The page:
‘I’m doing something good’: From construction worker to people smuggler


Omar* is a husband and father of four. He used to work in construction, but these days he’s a people smuggler.

Under the cover of darkness, he and his small band of fellow smugglers guide their Syrian customers along paths through the mountains where they sit and wait for precisely the right moment to slip, undetected, into Turkey.

“Theoretically, it’s wrong to have a job like this, and illegal. But from a practical viewpoint I’m doing something good,” says Omar, 31.  “I’m helping people who have been suffering for six years to get out of Syria and live in peace until this war is over.”

People smuggling, like any industry, is all about supply and demand, and experts say demand has never been higher in a world plagued by more frequent and longer-lasting conflicts, oppression in all its forms, and vast economic disparity.

It is a high-profit, low-risk business, and security specialists say the vast sums of money to be made are driving its evolution into an increasingly professional industry.

For his part, Omar says he and his colleagues are ethical, even altruistic, service providers.

“If they are caught, I will give the money back,” he tells German news agency DPA. “We are good people in comparison with other groups. We do not take a lot of cash. If I have clients like parents and four children, I just take money for the parents.”

Clients pay $65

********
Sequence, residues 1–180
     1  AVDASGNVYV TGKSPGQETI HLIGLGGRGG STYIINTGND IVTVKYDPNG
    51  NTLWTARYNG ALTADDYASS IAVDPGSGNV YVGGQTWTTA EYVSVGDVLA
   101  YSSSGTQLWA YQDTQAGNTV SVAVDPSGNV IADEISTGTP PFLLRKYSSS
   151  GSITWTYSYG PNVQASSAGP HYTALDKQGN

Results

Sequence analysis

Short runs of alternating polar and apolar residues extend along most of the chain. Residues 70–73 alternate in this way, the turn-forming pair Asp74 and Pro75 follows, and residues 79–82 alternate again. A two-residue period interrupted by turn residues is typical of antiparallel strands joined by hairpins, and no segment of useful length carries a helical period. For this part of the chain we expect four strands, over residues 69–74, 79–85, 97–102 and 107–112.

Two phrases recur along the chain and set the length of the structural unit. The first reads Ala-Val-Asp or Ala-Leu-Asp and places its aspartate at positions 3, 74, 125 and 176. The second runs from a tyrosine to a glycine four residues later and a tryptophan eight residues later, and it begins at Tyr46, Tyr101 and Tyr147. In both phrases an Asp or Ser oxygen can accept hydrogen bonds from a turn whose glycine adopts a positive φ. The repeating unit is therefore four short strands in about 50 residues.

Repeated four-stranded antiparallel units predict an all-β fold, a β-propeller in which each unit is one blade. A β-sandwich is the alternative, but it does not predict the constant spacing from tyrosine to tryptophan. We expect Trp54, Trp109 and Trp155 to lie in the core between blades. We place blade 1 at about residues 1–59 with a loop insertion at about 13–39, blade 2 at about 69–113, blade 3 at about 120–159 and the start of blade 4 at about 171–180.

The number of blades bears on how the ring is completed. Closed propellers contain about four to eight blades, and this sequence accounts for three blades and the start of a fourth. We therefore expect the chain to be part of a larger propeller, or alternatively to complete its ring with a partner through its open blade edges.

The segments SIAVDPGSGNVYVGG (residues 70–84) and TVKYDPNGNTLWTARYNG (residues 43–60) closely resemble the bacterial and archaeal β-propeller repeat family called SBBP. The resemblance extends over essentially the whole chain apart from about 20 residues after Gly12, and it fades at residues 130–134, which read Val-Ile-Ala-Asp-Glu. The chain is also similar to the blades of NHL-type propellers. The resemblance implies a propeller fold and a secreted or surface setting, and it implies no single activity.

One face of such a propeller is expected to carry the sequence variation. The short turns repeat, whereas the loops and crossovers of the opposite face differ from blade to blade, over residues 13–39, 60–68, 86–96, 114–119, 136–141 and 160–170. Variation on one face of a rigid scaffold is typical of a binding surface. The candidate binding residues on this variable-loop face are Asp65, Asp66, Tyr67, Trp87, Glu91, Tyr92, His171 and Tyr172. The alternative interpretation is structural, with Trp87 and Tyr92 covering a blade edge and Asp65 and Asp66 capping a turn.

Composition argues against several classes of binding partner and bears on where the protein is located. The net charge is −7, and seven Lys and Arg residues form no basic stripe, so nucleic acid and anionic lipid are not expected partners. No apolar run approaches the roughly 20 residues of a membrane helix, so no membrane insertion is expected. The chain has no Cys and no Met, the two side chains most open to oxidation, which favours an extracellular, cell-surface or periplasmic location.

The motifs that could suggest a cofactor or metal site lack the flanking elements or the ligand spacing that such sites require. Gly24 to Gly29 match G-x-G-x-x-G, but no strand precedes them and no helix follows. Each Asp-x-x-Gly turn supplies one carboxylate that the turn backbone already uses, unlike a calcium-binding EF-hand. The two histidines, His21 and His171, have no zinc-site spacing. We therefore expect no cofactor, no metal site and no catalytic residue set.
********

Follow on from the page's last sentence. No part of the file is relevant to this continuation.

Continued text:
“These days, I just take $US50 ($65) for each client. Some groups take $US500 or $US800  but my group does not. We are not blackmailers.”

People smuggling is also becoming more and more brutal, according to migration experts and the European Union’s Frontex agency, which coordinates border management for the bloc. They say smugglers are prepared to accept that the “goods” they are transporting – men, women and children – may die of thirst, or drown, and that women and young girls will be raped.

The International Organisation for Migration (IOM) has calculated that at least 60,000 migrants have died or disappeared while fleeing their countries since the year 2000.

Deaths continue to rise in many regions, with the UN-related body saying 20,000 have perished since January 2014, but it points out that improved data collection may account for some of that rise. Not all deaths that occur during migration journeys can be linked to people-smuggling activities, but a vast number are.

So far this year, the IOM’s Missing Migrants Project has documented more than 2100 deaths worldwide during people’s migration journeys.

The world’s deadliest route is the Mediterranean, which links the African continent with Europe. And it appears to have become even more deadly despite migrant numbers dropping off. So far this year there have been more than 1500 deaths recorded on the crossing, roughly matching the figure for the same period last year. But the number of people who’ve made the crossing so far this year is far fewer: about 70,000 versus 190,000.

Experts say many migrants understand the risks they take when they turn to smugglers who trade on human misery. They have heard the stories of migrants who are deceived, of those who are diverted into the sex industry or other forms of forced labour.

But desperation drives them on regardless.

‘Either I make it to Europe or I die at sea’

Shelok, from Nigeria, at a camp in Tripoli, Libya, fears her money and suffering have been for nothing. Photo: DPA

In a warehouse housing migrants on the outskirts of Tripoli, four words have been scrawled in charcoal on the wall next to a toilet: “Nothing good comes easy.”

Given the location, it is unclear if the author had a message of perseverance or bitter sarcasm in mind.

Of the thousands of migrants who tried to reach Europe by crossing the Mediterranean, some have landed here after being caught by the Libyan coastguard.

Inside the warehouse, hundreds of mattresses lie next to each other on the floor, and smells of sweat, wet laundry and faeces hang heavy in the air.